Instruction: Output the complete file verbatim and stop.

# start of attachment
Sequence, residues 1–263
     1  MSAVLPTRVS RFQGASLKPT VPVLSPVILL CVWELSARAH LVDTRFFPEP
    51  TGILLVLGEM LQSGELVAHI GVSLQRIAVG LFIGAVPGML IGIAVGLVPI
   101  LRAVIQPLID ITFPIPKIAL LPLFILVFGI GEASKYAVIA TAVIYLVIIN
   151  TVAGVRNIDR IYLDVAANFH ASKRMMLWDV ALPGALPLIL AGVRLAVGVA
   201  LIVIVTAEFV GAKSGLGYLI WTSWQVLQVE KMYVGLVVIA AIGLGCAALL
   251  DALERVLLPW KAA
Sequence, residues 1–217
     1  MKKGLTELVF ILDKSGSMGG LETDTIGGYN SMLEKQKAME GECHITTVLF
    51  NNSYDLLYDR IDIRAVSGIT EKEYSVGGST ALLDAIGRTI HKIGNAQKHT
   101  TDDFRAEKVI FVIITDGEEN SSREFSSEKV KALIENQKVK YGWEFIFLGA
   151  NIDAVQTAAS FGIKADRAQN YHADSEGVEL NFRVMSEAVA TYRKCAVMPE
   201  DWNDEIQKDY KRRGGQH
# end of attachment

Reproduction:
Sequence, residues 1–263
     1  MSAVLPTRVS RFQGASLKPT VPVLSPVILL CVWELSARAH LVDTRFFPEP
    51  TGILLVLGEM LQSGELVAHI GVSLQRIAVG LFIGAVPGML IGIAVGLVPI
   101  LRAVIQPLID ITFPIPKIAL LPLFILVFGI GEASKYAVIA TAVIYLVIIN
   151  TVAGVRNIDR IYLDVAANFH ASKRMMLWDV ALPGALPLIL AGVRLAVGVA
   201  LIVIVTAEFV GAKSGLGYLI WTSWQVLQVE KMYVGLVVIA AIGLGCAALL
   251  DALERVLLPW KAA
Sequence, residues 1–217
     1  MKKGLTELVF ILDKSGSMGG LETDTIGGYN SMLEKQKAME GECHITTVLF
    51  NNSYDLLYDR IDIRAVSGIT EKEYSVGGST ALLDAIGRTI HKIGNAQKHT
   101  TDDFRAEKVI FVIITDGEEN SSREFSSEKV KALIENQKVK YGWEFIFLGA
   151  NIDAVQTAAS FGIKADRAQN YHADSEGVEL NFRVMSEAVA TYRKCAVMPE
   201  DWNDEIQKDY KRRGGQH